the playing field. That you can be a firm with
global clients and two offices or three offices. So the infrastructure, that is
a legacy infrastructure, it’s very hard to, dramatically,
change that. You can only modify it. And with $0.90 of every dollar
is still going to traditional media, I don’t believe that
we’ve adopted a dramatic transformational mentality,
as an industry. ALEXIA QUADRANI: But Miles,
wouldn’t you say that one of the reasons $0.90 of every
dollar goes to traditional media is because the advertisers
haven’t really pushed so hard to make
that change? Or do you really think it’s the
holding companies being a bit antiquated and, therefore,
not having the capabilities to make the change. MILES NADAL: It’s a very
good question. I think it’s both. First of all, if you want to
have behavior in life, you should create economic rewards
that reward that behavior. We, as an industry, don’t
want that change. It was easy, when you’ve got
paid 50% commissions, and all you do had to do was do TV
spots, that’s very lucrative. To do viral marketing, to do
interactive, to do social media, we haven’t figured out
the methodology for billing to get paid, on the same basis, so
the profitability of those businesses is not the same. In addition to that, I think, at
the feedback we’ve had from clients, is that, historically,
agencies led clients as to what to do. Clients, now, are very
frustrated and saying, we need innovation, and we’re
not getting that innovation from agencies. And that’s why there’s more
shift from big multinational firms to smaller, more
entrepreneurial firms, where that kind of big idea in
thinking is coming from. It’s going to evolve. And it’s happening. I mean, Jordan, you were the
first guy to recommend Google, four or five years ago. DAVID FABER: Jordan, in terms of
the idea that more people, I would think, people spend more
than 10% their time on the internet, at this point– JORDAN ROHAN: Oh, for sure. DAVID FABER: –various things. And yet, as Miles has pointed
out, only 10% of the dollars are flowing to that. Is that surprising to you? Or are we going to reach some
inflection point where suddenly it flips
very quickly? Or is it going to continue to
lag significantly time spent? JORDAN ROHAN: I think if you
ask the owners of local stations groups, and billboards,
and other categories like that, they’ll
tell you, it’s happened pretty quickly. We’re in the midst
of it, right now. If you look, from any one year
to the next year, you may not see the trajectory that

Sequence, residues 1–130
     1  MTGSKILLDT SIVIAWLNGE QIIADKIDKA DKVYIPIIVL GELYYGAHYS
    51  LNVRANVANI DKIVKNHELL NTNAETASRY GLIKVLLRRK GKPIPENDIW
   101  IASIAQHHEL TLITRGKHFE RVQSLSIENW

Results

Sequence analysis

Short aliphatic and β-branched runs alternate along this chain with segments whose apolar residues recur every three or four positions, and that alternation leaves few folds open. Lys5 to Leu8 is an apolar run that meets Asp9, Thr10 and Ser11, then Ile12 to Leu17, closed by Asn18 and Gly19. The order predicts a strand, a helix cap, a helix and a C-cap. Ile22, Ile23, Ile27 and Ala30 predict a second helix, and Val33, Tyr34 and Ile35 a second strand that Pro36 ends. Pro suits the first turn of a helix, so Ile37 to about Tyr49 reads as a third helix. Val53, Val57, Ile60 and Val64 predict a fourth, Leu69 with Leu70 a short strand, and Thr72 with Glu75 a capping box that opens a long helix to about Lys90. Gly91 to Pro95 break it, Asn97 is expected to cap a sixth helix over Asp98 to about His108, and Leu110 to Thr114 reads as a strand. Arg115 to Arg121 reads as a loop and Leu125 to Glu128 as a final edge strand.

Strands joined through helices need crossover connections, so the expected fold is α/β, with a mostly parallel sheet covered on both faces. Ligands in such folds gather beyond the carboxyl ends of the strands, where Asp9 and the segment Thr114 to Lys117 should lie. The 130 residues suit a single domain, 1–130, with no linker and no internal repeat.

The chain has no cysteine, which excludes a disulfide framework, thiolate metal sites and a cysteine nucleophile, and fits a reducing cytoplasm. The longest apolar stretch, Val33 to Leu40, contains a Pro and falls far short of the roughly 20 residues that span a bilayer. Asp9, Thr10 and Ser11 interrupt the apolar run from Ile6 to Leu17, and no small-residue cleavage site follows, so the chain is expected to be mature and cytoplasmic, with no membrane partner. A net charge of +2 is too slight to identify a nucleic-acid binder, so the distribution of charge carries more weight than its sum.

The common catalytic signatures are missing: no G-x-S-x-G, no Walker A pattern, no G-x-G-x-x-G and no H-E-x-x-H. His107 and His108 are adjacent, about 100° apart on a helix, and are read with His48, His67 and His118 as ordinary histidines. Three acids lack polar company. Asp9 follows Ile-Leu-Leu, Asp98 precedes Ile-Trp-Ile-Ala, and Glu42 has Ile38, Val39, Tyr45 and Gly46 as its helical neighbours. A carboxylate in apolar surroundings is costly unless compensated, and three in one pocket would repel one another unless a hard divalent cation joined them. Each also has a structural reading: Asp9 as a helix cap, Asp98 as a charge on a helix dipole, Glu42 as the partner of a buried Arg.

you’re really on. But if you look over the
last five years, it’s been quite dramatic. DAVID FABER: Even getting
just to 10% has been dramatic, really? JORDAN ROHAN: It’s been a faster
adoption, historically speaking, then radio, TV,
or anything else that has come before it. And I’m talking about the
category of digital and, specifically, response based
digital advertising. Which I think is unique, in that
it’s hard to debate the merits of doing it. It’s just a question of what
resources you’re willing to– DAVID FABER: Alexia’s
shaking her head. ALEXIA QUADRANI: I think there
has been a pretty quick move. But I think, in some ways,
it might be stalled. And before you disagree with
me, let me explain what I mean by that. I mean, the advertisers,
I think, want to more money on digital. The consumers are, obviously,
spending much more time digital. But I think the advertisers– and you guys correct me if I’m
wrong– the advertisers are struggling on how to
do it effectively. I mean, they know display
doesn’t work. Search works, definitely, but
for a certain function. And I think they’re all
struggling, saying, I need put more money into digital, but
I don’t really know how. And I think they’re looking
to other agencies. And some other agencies are,
clearly, coming up with some good ideas. But I’m not so sure we’re going
from 10% to 20%, because I don’t really know how
they quite do that. MILES NADAL: There’s another
point that we’re really completely missing. You’re only talking about
measured media. But social media is not
considered measured media. So there’s all these dollars
that are not being quantified in YouTube, MySpace, Facebook,
Twitter, et cetera. DAVID FABER: YouTube is
considered social media? YouTube would be
part of Google. That wouldn’t be counted,
would it? MILES NADAL: No, it is
part of social media. But let’s take the most successful marketing campaigns. So I talked about persuasion
and influence. So the election of Barack Obama
was the most successful marketing campaign that I can
remember, from my perspective. They recruited 14 million brand
evangelists, on the internet, to raise $400 million
in nine months, deploy $300 million on television,
measured it every day, massaged the message, and,
ultimately, got him elected. So what do you attribute
the success to? Was it the 14 million people you
recruited on the internet, the $400 million that you raised